“Wardrop does an excellent job of drawing critical information about the war, women's issues, and the period in general from these narratives. An ideal collection for those interested in women's studies and US history.”—CHOICE
“In Civil War Nurse Narratives, 1863–1870, Daneen Wardrop does what is quite difficult to do: she bridges social and literary history, using each to inform the other. Wardrop uses seven Civil War nursing narratives in new and complex ways, teasing out the work that they do for women’s rights, the complicated racial politics they reveal, and the ways these narratives engaged in nation-building through the individual lives of women. This is an important addition to the field of Civil War women’s history, drawing out new insights from well-loved texts, and introducing lesser-known work that deserves greater attention.”—Lyde Cullen Sizer, author, The Political Work of Northern Women Writers and the American Civil War, 1850–1872
“An important intervention in our understanding of women’s participation in Civil War culture. Wardrop’s narrative is richly detailed and argues persuasively for Northern nurse narratives as a strategically gendered, historically specific subgenre of war literature during the crucial period 1863–1870.”—Vivian Pollak, Washington University in St. Louis
Civil War Nurse Narratives, 1863–1870, examines the first wave of autobiographical narratives written by northern female nurses and published during the war and shortly thereafter, ranging from the well-known Louisa May Alcott to lesser-known figures such as Elvira Powers and Julia Wheelock. From the hospitals of Washington, DC, and Philadelphia, to the field at Gettysburg in the aftermath of the battle, to the camps bordering front lines during active combat, these nurse narrators reported on what they saw and experienced for an American audience hungry for tales of individual experience in the war.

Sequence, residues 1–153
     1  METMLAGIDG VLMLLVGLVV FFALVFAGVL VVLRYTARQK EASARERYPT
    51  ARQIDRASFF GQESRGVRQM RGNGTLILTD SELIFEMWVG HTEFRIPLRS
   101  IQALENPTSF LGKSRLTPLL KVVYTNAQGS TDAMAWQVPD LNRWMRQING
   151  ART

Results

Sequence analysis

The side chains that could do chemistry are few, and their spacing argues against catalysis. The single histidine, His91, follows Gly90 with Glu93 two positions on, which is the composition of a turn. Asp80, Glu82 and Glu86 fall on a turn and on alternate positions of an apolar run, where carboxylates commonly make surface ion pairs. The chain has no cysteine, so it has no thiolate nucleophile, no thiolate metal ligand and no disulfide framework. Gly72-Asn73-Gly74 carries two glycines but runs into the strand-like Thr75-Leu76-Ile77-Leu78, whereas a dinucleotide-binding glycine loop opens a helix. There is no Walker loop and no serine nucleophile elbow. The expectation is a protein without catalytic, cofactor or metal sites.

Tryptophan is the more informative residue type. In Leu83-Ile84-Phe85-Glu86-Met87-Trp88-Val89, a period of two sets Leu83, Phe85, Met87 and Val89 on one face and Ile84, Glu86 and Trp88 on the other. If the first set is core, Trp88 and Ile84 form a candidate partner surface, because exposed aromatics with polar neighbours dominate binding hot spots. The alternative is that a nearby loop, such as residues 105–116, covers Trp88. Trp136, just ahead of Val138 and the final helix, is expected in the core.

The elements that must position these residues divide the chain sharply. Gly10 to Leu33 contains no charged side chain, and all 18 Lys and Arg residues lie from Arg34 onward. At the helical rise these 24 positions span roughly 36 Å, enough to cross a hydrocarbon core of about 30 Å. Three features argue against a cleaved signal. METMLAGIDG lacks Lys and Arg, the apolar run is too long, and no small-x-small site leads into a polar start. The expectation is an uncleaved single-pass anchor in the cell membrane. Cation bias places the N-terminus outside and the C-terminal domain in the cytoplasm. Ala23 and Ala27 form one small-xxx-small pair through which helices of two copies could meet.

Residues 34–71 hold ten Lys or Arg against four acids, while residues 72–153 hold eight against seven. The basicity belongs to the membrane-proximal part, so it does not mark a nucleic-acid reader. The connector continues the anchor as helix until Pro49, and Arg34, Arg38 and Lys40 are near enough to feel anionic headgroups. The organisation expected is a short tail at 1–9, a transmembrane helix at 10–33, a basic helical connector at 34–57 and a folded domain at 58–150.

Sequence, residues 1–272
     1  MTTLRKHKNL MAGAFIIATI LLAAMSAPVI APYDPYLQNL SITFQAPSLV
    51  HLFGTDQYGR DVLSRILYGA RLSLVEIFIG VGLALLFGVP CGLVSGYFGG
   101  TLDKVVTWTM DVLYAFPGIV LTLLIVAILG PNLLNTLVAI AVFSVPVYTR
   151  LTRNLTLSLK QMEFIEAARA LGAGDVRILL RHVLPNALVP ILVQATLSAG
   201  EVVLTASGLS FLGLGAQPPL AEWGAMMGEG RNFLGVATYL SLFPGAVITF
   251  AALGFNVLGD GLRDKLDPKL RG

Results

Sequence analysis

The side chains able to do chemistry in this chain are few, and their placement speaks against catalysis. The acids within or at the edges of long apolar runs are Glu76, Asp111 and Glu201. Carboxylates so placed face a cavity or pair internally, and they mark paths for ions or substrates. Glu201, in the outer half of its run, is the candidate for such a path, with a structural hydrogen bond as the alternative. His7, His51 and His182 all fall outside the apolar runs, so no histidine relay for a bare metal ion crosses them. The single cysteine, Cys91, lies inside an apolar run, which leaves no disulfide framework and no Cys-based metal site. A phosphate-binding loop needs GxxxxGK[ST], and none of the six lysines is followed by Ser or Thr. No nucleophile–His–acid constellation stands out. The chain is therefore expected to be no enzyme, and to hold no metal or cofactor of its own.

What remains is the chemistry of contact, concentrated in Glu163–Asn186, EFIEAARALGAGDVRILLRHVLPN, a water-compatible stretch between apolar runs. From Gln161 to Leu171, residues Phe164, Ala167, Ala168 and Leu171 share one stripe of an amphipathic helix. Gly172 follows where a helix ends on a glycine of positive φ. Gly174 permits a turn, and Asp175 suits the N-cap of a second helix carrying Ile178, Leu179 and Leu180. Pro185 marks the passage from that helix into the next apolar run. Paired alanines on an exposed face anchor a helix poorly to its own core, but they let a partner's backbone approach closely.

As a subgenre of war literature, the Civil War nurse narrative offered realistic reportage of medical experiences and declined to engage with military strategies or Congressional politics. Instead, nurse narrators chronicled the details of attending wounded soldiers in the hospital, where a kind of microcosm of US democracy-in-progress emerged. As the war reshaped the social and political ideologies of the republic, nurses labored in a workplace that reflected cultural changes in ideas about gender, race, and class. Through interactions with surgeons and other officials they tested women’s rights convictions, and through interactions with formerly enslaved workers they wrestled with the need to live up to their own often abolitionist convictions and support social equality.
By putting these accounts in conversation with each other, Civil War Nurse Narratives productively explores a developing genre of war literature that has rarely been given its due and that offers refreshing insights into women’s contributions to the war effort. Taken together, these stories offer an impressive and important addition to the literary history of the Civil War.